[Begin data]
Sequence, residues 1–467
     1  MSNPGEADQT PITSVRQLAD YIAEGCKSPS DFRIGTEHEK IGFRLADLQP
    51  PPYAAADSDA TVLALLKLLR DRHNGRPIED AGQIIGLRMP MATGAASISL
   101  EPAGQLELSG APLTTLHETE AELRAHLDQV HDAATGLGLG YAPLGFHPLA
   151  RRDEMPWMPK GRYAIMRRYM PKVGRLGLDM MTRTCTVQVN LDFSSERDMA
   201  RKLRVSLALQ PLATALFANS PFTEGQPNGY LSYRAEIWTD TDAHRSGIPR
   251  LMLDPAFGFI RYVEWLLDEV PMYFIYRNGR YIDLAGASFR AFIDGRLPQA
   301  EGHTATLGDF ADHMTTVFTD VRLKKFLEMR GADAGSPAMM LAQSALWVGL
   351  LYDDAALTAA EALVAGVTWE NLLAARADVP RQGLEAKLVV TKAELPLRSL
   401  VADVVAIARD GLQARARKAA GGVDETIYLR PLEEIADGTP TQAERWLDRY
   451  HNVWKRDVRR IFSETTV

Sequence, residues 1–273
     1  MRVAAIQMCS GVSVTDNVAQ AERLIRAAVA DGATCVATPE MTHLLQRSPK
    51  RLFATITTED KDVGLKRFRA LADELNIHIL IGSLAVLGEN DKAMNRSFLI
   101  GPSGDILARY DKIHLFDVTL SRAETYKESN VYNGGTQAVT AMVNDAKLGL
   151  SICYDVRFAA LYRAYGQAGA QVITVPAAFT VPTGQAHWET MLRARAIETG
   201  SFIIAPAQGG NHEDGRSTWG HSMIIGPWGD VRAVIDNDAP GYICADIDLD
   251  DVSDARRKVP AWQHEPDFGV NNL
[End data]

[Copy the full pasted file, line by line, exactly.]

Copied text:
Sequence, residues 1–467
     1  MSNPGEADQT PITSVRQLAD YIAEGCKSPS DFRIGTEHEK IGFRLADLQP
    51  PPYAAADSDA TVLALLKLLR DRHNGRPIED AGQIIGLRMP MATGAASISL
   101  EPAGQLELSG APLTTLHETE AELRAHLDQV HDAATGLGLG YAPLGFHPLA
   151  RRDEMPWMPK GRYAIMRRYM PKVGRLGLDM MTRTCTVQVN LDFSSERDMA
   201  RKLRVSLALQ PLATALFANS PFTEGQPNGY LSYRAEIWTD TDAHRSGIPR
   251  LMLDPAFGFI RYVEWLLDEV PMYFIYRNGR YIDLAGASFR AFIDGRLPQA
   301  EGHTATLGDF ADHMTTVFTD VRLKKFLEMR GADAGSPAMM LAQSALWVGL
   351  LYDDAALTAA EALVAGVTWE NLLAARADVP RQGLEAKLVV TKAELPLRSL
   401  VADVVAIARD GLQARARKAA GGVDETIYLR PLEEIADGTP TQAERWLDRY
   451  HNVWKRDVRR IFSETTV

Sequence, residues 1–273
     1  MRVAAIQMCS GVSVTDNVAQ AERLIRAAVA DGATCVATPE MTHLLQRSPK
    51  RLFATITTED KDVGLKRFRA LADELNIHIL IGSLAVLGEN DKAMNRSFLI
   101  GPSGDILARY DKIHLFDVTL SRAETYKESN VYNGGTQAVT AMVNDAKLGL
   151  SICYDVRFAA LYRAYGQAGA QVITVPAAFT VPTGQAHWET MLRARAIETG
   201  SFIIAPAQGG NHEDGRSTWG HSMIIGPWGD VRAVIDNDAP GYICADIDLD
   251  DVSDARRKVP AWQHEPDFGV NNL